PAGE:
The shelling in the government-controlled side of the Donbas region has increased “tenfold” since Thursday, the Ukrainian Armed Forces said in a statement. On Saturday, two soldiers were killed, five were injured and there were 70 total cease-fire violations by the Russian-backed separatists, the military said in a Facebook statement.

Outside the city of Novoluhanske, along the demarcation line with the self-proclaimed Donetsk separatist territory, Col. Oleksandr Zinevich showed journalists where separatist forces have been pounding an abandoned industrial area with artillery in recent days. Earlier Saturday, a 27-year-old Ukrainian private was sprinting to shelter across the asphalt when he was knocked from his feet by a shell.

"He’s going to lose his hand,” Zinevich said, scrolling through photographs of the injury on his phone.

A civilian fisherman had been shot in the morning, Zinevich said, but not seriously injured. This area has not been a hot spot in years, but Zinevich said he sees the eruption of attacks over the past three days — including artillery, mortars and grenades — as evidence of a coordinated campaign being launched by Russia.

Moscow is trying to provoke Ukrainian forces into responding and giving Russia an excuse to launch an attack, he said. He has told his troops not to respond unless their lives are in danger.

“The Russian Federation is trying to lead us into war with a lie,” Zinevich said.

A few minutes later, as a group of journalists and the soldiers escorting them were pulling away in military vehicles, an artillery shell slammed into the ground 200 yards away. The leading vehicles raced from the spot as more shells sounded to the east. A man who had been tinkering with his pickup truck ran full speed toward the village.

At the entrance to a military blast shelter near an apartment building, soldiers rushed a group of other journalists and two residents inside. All were eventually evacuated from the area unharmed.

The escalation’s flash point was in the village of Stanytsia Luhanska on Thursday, when a wall in a kindergarten’s sports room crumpled after it got hit by artillery at 8:45 a.m. No children were harmed; they were frantically evacuated into the hallway and told the loud sound they heard was just thunder. Had the strike come 15 minutes later, the kids would have been in the room when the shell landed.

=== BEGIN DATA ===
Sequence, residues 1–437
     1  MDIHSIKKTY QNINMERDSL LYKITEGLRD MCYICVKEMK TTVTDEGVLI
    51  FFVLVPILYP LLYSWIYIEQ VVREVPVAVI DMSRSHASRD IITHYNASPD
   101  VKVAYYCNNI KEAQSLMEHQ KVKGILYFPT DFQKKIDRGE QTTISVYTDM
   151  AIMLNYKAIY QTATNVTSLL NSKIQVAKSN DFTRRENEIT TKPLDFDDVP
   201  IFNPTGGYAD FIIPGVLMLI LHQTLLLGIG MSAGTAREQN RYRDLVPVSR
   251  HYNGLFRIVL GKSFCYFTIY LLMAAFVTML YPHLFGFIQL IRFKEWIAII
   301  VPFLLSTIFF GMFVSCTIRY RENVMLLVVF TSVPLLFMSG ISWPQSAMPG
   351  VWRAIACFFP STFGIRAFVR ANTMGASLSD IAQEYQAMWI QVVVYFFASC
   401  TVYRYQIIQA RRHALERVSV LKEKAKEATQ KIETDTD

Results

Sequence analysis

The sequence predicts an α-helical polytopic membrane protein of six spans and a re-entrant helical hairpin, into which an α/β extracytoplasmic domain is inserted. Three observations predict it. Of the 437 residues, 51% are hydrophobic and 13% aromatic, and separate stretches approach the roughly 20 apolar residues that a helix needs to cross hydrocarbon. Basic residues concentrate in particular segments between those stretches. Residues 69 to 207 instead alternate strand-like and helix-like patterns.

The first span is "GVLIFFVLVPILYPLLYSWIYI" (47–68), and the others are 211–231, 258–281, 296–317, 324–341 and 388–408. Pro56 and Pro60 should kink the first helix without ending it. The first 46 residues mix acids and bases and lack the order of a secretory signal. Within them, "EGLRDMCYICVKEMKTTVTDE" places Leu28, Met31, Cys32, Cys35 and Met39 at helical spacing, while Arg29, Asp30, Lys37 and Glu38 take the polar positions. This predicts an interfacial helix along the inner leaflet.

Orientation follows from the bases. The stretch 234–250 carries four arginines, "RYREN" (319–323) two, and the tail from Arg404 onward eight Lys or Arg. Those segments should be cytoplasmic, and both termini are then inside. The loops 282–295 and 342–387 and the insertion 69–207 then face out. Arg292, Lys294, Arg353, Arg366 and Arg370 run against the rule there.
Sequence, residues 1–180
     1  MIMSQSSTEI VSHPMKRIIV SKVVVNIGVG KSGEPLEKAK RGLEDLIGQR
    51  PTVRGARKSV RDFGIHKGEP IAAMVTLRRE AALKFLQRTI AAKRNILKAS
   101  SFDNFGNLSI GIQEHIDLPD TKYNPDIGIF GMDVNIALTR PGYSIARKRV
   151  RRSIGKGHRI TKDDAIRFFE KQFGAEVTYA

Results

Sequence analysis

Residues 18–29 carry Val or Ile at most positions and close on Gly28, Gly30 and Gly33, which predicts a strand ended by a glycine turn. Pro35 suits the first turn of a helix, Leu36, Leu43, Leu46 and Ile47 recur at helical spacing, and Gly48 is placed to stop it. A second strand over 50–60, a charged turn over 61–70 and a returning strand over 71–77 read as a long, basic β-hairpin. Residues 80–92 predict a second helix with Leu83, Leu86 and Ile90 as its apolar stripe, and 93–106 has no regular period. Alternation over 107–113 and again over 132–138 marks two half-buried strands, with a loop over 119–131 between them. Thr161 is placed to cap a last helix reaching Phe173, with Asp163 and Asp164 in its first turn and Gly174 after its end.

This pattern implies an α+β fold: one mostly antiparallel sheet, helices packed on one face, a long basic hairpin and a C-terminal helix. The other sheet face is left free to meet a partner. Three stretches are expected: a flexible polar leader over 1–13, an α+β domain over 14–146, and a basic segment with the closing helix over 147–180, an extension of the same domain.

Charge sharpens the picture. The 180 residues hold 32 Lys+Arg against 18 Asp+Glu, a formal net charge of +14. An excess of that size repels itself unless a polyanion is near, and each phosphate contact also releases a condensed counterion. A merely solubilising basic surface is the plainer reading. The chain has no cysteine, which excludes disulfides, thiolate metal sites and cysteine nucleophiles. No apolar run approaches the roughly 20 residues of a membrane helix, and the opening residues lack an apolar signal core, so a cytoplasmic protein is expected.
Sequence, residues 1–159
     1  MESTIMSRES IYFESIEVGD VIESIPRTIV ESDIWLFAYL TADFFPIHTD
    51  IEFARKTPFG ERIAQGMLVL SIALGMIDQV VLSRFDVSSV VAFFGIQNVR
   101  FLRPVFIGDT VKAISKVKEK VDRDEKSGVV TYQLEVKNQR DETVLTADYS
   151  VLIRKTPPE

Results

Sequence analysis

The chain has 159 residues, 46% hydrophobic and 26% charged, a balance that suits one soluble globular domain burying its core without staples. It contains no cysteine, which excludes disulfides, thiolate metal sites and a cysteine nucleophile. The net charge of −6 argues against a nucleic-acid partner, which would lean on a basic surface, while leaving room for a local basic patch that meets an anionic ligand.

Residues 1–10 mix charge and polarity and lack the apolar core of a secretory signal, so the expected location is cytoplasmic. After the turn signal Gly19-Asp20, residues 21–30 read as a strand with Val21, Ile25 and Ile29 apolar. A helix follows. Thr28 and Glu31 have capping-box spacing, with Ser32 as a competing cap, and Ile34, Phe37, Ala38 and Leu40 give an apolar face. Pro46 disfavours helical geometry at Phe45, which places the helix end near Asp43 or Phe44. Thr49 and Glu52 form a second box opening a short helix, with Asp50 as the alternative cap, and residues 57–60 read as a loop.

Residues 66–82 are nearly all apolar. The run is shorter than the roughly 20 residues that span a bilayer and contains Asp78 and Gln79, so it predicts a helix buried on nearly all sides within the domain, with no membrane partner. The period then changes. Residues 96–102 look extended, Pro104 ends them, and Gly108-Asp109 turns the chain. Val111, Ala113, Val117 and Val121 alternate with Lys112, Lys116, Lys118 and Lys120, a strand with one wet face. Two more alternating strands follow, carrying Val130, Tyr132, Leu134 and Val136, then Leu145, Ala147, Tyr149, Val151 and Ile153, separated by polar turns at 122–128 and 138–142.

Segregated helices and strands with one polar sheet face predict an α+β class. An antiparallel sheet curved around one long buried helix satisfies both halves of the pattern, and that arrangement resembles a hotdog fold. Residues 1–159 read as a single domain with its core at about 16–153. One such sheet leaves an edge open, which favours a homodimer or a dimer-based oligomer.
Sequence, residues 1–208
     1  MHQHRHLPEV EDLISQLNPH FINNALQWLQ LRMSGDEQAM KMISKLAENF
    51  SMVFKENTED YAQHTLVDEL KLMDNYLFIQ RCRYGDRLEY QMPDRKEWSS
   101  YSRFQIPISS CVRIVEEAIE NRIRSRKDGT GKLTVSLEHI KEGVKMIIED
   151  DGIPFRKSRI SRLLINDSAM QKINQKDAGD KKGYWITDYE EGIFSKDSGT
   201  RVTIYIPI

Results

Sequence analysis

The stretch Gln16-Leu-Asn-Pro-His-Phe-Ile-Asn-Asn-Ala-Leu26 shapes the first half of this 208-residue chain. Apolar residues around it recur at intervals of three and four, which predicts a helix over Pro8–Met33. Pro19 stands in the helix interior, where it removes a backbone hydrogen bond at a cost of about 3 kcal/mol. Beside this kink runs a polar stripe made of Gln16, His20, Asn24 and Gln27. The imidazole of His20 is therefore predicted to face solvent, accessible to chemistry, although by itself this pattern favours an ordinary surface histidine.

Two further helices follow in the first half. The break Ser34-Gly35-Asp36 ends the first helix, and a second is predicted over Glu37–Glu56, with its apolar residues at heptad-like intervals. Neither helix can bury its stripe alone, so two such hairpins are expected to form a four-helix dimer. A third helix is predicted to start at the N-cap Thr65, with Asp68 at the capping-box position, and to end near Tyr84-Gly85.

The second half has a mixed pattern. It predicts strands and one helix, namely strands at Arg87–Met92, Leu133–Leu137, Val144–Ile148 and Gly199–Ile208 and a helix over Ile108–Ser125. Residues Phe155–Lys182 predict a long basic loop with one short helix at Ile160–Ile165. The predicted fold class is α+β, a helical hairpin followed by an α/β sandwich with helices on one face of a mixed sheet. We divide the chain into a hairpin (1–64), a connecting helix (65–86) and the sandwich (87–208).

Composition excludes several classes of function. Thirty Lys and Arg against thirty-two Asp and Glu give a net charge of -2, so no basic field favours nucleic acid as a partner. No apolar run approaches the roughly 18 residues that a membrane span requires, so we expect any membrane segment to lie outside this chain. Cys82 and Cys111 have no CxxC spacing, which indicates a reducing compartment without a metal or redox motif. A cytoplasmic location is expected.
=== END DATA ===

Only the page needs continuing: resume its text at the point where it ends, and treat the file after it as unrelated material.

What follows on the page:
That night, the village came under fire again. Shells landed on two homes, causing the roofs to collapse. The aftermath was wood splinters and broken glass scattered along the living room. The family that lives there spent Saturday morning packing up their spring and summer clothes to hide in their basement. They don’t plan on evacuating but are worried more artillery strikes will destroy all of their belongings.

The plastic covering the space where window glass was shattered started to rattle anew as shelling grew more intense outside.

“This has been endless day and night,” said Katya, the matriarch of the home who declined to give her surname. “And we’re scared it’s just the start.”

The construction crew repairing the roof next door continued its work. The kindergarten that was shelled days ago plans to welcome its students back on Monday."

Residents repair a roof on Feb. 19 that was damaged by artillery shells Feb. 17 in Stanytsia Luhanska, Ukraine. (Salwan Georges/The Washington Post)

Hendrix reported from Novoluhanske, Ukraine.

Russia-Ukraine live updates and latest news on border crisis - The Washington Post